Question: Prove that $p:\omega \times \omega \to \omega$ defined by $p(i,j)=2^i(2j+1)-1$ is one-to-one and onto. Then show that if $i\in m$ and $j \in n$, then $p(i,j) \in p(m,n)$.
The book offers a hint as follows:
If $1 ⋸ m$, then $m-1=\bigcup m$. To prove $p$ is onto $\omega$, apply the Well-Ordering Principle to prove that for all $n \in \omega$, if $1 ⋸ n$, then $n=2^i(2j+1)$ for some $i\in \omega$ and $j\in \omega$. Note: if $k\in \omega$, then $k=k^+-1$.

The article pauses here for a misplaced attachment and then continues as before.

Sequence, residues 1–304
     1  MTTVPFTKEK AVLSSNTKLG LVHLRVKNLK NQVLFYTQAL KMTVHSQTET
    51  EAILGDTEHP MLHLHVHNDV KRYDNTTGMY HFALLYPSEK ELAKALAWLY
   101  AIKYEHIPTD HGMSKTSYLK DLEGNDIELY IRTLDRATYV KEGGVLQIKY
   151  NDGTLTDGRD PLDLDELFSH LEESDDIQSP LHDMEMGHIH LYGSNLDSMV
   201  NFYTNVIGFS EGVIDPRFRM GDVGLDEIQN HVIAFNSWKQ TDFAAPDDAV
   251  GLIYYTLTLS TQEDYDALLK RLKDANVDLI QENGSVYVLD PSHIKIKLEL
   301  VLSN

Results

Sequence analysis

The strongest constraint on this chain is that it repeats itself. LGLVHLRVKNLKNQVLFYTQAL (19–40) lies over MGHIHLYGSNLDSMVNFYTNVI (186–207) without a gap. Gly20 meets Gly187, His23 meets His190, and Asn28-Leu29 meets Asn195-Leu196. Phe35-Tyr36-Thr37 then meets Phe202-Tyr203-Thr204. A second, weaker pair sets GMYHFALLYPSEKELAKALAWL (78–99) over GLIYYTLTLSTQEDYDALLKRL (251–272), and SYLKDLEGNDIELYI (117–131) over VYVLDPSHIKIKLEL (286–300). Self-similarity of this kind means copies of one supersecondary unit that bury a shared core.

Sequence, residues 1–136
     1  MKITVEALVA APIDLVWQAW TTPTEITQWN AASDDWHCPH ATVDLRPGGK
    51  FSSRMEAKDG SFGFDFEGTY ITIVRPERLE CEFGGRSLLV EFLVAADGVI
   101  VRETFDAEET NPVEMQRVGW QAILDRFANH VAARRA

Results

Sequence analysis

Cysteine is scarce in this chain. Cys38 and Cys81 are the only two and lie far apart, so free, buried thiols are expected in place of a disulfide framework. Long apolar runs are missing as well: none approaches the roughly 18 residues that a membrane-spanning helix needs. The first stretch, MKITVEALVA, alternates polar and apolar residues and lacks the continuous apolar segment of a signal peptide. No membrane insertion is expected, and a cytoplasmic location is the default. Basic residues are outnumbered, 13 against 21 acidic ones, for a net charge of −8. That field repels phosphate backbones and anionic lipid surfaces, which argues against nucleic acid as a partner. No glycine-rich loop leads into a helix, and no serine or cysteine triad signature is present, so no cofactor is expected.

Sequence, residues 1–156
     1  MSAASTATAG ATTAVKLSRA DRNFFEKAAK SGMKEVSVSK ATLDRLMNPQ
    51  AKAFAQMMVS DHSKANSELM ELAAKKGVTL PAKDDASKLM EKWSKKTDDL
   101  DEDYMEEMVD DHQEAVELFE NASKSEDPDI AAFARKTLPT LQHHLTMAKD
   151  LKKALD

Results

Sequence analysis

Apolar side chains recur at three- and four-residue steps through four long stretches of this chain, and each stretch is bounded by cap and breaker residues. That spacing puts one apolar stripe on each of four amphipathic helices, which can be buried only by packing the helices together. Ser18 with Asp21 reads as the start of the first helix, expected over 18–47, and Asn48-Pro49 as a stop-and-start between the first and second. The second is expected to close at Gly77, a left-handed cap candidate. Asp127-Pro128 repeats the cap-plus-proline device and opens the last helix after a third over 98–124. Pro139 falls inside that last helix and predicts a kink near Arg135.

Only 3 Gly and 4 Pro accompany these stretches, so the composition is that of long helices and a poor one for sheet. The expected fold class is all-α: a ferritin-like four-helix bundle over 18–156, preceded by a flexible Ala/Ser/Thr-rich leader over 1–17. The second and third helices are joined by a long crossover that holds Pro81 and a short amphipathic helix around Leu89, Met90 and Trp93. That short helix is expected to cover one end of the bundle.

I genuinely have no idea where to start with the problem, and I don't understand the hint at all. We've gone through arithmetic and order on the set of natural numbers $\omega$, but I don't see how this relates. Any help is appreciated.
Edit: I see that for $i=0$ and $i=1$, we can represent every odd and even natural number, and thus, every natural number in general. Hence, $p$ is onto $\omega$. I'm still clueless for injectivity and the second part of the question.